The property is being purchased from the University of Washington. It includes a so-called “feeder bluff” rated “exceptional” for its ability to produce high-quality sands and gravels. Sand lance, a forage fish that help to feed salmon, are known to spawn on the property’s beach. The property is in good condition and will need little or no restoration.

Impacts of the Explosives Handling Wharf include 0.25 acres of subtidal vegetated habitat, 0.45 acres of intertidal non-vegetated habitat and 0.65 acres of shoreline vegetation.

When it comes to mitigation under the in-lieu-fee program, the acreage is only one factor. In addition, the quality of habitat and the extent of damage go into creating a numerical score, which is listed as a deficit on a mitigation ledger. When a property is purchased and any restoration work is done, the ledger shows a credit of mitigation points.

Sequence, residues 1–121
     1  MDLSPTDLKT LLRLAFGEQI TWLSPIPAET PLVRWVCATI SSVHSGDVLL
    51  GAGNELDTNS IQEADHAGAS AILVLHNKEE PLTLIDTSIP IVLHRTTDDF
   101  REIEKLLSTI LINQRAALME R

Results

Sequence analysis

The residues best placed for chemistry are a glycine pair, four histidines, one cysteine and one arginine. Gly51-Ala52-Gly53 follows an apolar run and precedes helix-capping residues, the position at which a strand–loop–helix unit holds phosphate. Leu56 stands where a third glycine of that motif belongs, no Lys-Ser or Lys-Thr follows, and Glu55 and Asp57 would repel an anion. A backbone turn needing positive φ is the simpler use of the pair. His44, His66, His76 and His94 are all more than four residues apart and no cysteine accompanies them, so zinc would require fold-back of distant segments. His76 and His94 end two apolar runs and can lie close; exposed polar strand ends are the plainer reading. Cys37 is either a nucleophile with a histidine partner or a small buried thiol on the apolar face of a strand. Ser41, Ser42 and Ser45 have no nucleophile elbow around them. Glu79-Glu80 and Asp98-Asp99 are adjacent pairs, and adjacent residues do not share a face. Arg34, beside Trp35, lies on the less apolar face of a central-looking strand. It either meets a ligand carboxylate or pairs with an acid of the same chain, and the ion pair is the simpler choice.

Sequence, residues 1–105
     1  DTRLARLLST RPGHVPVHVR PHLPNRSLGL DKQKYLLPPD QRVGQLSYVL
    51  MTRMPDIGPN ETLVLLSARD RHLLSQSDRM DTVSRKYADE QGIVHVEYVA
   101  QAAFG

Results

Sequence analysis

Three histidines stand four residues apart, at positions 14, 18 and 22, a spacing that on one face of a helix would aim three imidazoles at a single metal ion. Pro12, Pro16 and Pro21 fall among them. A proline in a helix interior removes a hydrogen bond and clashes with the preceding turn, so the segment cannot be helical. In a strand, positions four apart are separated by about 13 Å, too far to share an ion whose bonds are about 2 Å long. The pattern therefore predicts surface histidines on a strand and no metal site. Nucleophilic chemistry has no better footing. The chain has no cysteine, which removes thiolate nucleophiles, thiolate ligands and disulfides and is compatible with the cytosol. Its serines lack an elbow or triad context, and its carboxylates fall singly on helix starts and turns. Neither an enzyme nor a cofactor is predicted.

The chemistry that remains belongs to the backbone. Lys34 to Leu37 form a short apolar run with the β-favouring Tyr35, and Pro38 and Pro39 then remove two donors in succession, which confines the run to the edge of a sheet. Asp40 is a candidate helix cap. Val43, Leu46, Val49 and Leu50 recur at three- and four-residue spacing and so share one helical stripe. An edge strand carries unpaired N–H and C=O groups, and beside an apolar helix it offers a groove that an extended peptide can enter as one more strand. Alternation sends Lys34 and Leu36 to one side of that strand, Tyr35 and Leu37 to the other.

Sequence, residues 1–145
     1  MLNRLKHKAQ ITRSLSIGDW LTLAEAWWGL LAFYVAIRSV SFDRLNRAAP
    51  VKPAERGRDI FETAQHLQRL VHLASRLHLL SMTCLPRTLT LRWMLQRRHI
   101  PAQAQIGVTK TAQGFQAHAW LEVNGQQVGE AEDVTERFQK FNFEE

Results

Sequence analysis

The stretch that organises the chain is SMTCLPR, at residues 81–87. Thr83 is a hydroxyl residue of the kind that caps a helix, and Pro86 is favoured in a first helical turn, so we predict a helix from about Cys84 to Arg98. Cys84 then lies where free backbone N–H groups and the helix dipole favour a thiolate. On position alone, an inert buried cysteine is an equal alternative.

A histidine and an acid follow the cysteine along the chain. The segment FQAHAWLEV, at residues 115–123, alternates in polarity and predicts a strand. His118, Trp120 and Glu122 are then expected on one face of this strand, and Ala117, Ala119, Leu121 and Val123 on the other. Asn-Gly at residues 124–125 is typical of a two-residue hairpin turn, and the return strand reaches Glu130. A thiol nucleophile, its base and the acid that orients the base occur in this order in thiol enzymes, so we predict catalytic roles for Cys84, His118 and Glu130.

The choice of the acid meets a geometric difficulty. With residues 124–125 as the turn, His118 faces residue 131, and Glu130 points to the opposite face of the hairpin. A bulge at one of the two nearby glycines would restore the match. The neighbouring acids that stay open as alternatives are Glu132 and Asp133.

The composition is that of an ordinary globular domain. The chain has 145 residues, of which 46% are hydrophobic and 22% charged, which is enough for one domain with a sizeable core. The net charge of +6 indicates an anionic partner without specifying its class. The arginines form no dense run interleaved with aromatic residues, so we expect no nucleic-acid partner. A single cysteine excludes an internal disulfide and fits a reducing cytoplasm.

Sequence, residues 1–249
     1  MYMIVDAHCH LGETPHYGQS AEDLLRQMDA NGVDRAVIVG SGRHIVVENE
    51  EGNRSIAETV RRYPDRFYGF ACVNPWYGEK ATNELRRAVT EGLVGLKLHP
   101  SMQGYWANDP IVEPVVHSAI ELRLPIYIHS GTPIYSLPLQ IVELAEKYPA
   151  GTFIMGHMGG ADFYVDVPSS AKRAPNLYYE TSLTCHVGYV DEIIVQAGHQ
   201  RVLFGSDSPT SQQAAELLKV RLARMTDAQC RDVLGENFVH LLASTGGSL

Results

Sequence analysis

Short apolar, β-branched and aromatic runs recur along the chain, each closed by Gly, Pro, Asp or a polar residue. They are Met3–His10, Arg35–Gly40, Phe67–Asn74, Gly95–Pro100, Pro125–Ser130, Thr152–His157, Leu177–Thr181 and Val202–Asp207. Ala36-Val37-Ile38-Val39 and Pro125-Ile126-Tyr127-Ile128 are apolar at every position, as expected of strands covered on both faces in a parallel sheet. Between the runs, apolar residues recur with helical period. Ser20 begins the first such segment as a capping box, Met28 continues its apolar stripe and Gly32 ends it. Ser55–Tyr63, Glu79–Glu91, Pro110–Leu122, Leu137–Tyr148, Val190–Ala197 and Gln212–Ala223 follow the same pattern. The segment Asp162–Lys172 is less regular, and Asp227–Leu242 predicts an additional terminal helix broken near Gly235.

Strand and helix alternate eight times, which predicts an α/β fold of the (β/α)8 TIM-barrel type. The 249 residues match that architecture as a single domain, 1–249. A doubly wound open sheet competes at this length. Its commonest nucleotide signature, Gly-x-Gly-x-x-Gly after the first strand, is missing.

It’s a little complicated, but after one or more mitigation projects is completed, the deficit created by the original development is canceled out by the mitigation credits. In the end, the ecosystem gets some permanent protection. In a Kitsap Sun story back in 2012, I outlined the deficits for the Navy project.

Because restoration is not a major aspect of the Little Anderson Bluff project, the credits are somewhat limited. The project will generate about 75 percent of the credits needed to mitigate for intertidal impacts from the Navy project. It will also cover about 82 percent of credits needed for impacts to the shoreline.

Another major project using the in-lieu-fee program is the Highway 3 widening project and stormwater controls in Belfair. The project damaged 0.08 acres of wetlands, for which credits were purchased by the Washington Department of Transportation.

The first wetlands-mitigation site purchased under the Hood Canal in-lieu-fee program was a 17-acre property with a pond located near Belfair. The property, known as Irene Pond, includes wetlands rated the highest value under state wetlands standards. Unfortunately, the wetlands were degraded by human alterations, including an abandoned house, garbage and debris. When completed, the mitigation project is expected to generate more than three times the number of credits needed to compensate for the Belfair highway project.